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As it works across more than 100 offices and agencies to prevent, detect, respond and recover from cyberthreats, the New York City Cyber Command wants help building a zero trust digital infrastructure.
by Colin Ahern, NYC Cyber Command
February 4, 2021
As the centralized organization which leads the city's cyberdefense efforts, New York City Cyber Command works across more than 100 agencies and offices to prevent, detect, respond and recover from cyberthreats. New York City Cyber Command intends to help make our city the most resilient in the world, which requires collaborating with the best minds in cybersecurity and technology about how to build this reality.
Security and resilience are inexorably linked; a service is not secure if it is not resilient, and it is not resilient if it is not secure. That is why we spent significant time building a resilient cloud-based infrastructure for our threat response team based on “zero-trust” principles. In “zero trust,” access and authorization is limited and temporary: Users and the systems they work on must be continually verified.
This approach meant when the pandemic took hold in New York City and the decision came to rapidly shift to remote work, NYC Cyber Command employees could work from anywhere on their laptops while maintaining a highly secure and resilient environment. We made this shift in a single day without configuration changes or any impact to our ability to respond to cyberthreats against the city. It also meant we could focus on our mission: supporting our colleagues and partners throughout city government that deliver critical services.
A zero-trust approach reflects the new normal. The reality is — whether remote or in person — two-thirds or more of cyberattacks now are focused on impersonating trusted users and systems to access vital data or critical systems, according to the 2020 Verizon Data Breach Investigations Report.
That is why New York City Cyber Command is aiming to build a zero-trust environment across the entirety of our municipal government’s digital infrastructure: not because it is a neat idea, but because it is necessary.
The theory behind zero trust is old enough to hold a high school diploma. However, I would suggest the time to pay attention, to steal a phrase from a great book, arrived “Gradually and then suddenly.”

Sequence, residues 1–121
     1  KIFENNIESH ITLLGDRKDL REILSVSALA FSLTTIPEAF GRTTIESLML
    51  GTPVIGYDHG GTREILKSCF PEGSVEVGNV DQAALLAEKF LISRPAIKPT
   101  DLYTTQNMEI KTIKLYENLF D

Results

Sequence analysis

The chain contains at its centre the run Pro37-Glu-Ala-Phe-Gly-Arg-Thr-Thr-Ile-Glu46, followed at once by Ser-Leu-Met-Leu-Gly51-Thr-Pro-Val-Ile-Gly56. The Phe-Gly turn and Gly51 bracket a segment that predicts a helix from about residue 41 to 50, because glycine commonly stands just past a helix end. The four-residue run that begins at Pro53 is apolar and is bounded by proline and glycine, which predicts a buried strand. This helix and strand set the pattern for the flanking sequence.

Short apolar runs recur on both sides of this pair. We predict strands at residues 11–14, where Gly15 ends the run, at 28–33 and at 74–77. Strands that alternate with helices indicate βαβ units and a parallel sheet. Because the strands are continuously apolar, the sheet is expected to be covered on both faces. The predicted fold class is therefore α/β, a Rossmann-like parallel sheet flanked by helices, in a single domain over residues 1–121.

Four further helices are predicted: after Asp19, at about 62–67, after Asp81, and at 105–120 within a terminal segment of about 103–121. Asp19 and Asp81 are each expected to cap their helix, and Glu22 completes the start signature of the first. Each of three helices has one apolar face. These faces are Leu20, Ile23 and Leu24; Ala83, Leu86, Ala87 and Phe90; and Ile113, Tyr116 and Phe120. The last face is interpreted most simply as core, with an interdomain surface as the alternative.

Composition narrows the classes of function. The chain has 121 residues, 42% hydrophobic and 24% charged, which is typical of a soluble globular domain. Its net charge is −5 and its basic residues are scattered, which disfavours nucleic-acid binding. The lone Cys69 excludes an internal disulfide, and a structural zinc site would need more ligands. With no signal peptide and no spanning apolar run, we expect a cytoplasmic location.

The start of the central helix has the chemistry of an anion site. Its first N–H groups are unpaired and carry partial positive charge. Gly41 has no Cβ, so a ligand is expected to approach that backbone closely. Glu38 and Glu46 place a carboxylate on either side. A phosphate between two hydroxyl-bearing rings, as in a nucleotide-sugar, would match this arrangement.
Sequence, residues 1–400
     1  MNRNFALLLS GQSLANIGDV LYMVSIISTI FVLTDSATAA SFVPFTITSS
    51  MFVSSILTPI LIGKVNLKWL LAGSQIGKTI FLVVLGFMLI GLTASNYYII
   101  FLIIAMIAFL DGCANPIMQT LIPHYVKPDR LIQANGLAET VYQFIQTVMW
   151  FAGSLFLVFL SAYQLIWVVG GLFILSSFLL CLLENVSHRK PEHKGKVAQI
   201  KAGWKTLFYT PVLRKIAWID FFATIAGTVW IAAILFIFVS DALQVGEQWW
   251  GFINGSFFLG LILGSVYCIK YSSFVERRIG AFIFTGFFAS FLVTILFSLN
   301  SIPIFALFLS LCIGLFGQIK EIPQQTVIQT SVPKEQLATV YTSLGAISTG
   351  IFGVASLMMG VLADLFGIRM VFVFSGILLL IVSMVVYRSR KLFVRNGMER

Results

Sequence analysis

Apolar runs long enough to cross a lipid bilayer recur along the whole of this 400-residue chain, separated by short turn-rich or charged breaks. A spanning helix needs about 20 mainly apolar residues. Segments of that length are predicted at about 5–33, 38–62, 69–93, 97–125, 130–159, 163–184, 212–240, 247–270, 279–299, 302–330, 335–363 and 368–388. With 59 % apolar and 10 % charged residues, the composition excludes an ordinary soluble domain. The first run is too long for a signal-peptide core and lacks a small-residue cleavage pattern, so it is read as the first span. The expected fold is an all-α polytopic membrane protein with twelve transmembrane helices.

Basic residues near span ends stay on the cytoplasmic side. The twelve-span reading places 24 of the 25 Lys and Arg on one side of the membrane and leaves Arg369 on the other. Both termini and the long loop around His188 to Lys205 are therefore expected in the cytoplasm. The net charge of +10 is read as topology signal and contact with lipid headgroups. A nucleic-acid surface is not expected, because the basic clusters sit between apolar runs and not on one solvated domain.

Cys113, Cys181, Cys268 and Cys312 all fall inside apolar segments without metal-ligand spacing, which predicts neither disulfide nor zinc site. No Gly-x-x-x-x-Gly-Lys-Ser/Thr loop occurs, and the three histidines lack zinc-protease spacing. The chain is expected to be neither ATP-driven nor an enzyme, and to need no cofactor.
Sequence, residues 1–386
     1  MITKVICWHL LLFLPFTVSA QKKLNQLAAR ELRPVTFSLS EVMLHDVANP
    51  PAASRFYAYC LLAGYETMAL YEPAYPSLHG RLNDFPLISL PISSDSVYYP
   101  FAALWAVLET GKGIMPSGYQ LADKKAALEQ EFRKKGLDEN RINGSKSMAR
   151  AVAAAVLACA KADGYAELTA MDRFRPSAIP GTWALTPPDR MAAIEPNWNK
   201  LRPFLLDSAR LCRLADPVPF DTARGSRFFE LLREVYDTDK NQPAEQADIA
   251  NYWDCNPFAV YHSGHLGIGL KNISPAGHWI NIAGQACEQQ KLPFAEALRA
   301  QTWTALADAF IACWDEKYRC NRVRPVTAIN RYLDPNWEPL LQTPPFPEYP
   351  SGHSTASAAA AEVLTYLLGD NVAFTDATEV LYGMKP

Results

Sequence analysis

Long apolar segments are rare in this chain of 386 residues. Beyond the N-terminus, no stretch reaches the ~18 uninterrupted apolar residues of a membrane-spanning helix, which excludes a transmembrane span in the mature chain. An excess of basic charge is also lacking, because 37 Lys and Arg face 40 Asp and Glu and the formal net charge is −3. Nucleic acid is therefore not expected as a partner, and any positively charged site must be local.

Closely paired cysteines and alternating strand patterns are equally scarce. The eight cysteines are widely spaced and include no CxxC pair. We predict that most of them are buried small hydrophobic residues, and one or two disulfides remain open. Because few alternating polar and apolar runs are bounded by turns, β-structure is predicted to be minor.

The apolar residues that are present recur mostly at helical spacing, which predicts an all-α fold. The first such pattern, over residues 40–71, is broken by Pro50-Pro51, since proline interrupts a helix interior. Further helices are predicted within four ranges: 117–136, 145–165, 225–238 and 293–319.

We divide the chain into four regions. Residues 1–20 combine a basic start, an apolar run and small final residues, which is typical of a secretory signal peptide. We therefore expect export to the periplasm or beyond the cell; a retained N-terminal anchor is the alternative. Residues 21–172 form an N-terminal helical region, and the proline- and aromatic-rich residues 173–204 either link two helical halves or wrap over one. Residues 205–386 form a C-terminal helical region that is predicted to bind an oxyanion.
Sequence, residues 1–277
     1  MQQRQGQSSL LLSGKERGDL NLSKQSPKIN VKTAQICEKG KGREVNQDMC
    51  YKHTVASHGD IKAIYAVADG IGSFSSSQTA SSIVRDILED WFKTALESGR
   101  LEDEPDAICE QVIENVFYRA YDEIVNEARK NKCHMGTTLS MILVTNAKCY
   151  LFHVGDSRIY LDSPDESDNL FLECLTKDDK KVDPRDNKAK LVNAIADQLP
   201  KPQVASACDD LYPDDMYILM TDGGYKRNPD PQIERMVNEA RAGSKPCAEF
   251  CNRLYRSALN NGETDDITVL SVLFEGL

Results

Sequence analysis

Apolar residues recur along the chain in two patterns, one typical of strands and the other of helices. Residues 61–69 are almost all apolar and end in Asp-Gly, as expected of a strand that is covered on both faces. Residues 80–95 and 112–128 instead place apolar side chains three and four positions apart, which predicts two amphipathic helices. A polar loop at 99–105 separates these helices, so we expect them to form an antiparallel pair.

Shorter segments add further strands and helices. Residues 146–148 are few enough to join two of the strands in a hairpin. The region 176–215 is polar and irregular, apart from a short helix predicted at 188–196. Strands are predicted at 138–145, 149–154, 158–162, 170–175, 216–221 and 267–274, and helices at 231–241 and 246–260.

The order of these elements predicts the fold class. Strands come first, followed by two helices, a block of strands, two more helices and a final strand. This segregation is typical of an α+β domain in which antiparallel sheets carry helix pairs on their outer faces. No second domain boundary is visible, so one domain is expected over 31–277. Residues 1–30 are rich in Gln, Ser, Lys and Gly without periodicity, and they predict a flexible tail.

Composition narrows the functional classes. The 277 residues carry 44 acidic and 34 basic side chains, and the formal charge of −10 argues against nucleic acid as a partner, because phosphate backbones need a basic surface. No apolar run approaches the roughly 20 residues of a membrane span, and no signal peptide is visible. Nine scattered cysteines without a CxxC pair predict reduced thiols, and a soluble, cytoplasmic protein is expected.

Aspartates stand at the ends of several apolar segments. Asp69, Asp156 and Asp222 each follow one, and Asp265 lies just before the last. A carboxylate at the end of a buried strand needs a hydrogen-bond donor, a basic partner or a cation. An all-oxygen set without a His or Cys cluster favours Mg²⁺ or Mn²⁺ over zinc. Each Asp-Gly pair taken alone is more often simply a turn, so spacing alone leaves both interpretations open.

As the pandemic took hold in April, the FBI reported its Cyber Division was receiving as many as 4,000 complaints per day about cyberattacks, a 400 percent increase from pre-pandemic figures. In September, CrowdStrike said it had seen more intrusion attempts during the first half of 2020 than in all of 2019. In October, we saw a series of ransomware attacks on hospital systems. And then in December, there were the organizations that found out a foreign entity may have had access to their network.
Whether it is a criminal enterprise, con artist or a rival nation, there are those who will use a crisis as an opportunity. The global scope of COVID-19, with the rapid increase in online services, and the rapidly changing work environment all create new vectors for cyberattacks.
The massive increase in remote work has exacerbated underlying, systemic Internet security problems. Many of these issues were perceived as manageable by creating a tightly guarded “perimeter” around a network. As companies realize remote work and cloud services are here to stay, traditional defensive strategies have gone from flawed to broken.
Governments are, in many ways, “different.” Political and technical complexity are closely linked: Technical debt and legacy systems are the norm, as are critical systems that contain a lot of sensitive information, managed by various agencies and authorities with support from myriad vendors.
That’s why we can’t build it alone. We are seeking input on how a zero-trust architecture can be implemented in a manner that is tailored to the city’s unique infrastructure.
New York City wants ideas for how zero trust can work in complex environments. We need to know what kind of approaches make sense from a wide variety of voices. That includes advice on how to sequence, stage and implement our vision — and what barriers we might encounter and how we might overcome them. With support, we will identify a path that is manageable, cost effective and handles complexity at the scale of New York City.
The traditional “castle and moat” approach will not create or sustain our future cyber-resiliency. Governments and industry now need to have a frank conversation about how zero-trust architecture solutions can play a role in that future.
To realize a new vision for cybersecurity and cyber-resilience, our partners in the information technology vendor community need to rethink the current script to help get us where we need to go. This new zero-trust reality will not exist without the development of broadly accepted standards so an ecosystem can develop that benefits the end users, avoids vendor lock-in and ensures competition in the space.
New York City Cyber Command wants to be at the vanguard of this effort. We hope you will join us.
Colin Ahern is the deputy chief information security officer for the city of New York and oversees security sciences for the NYC Cyber Command.
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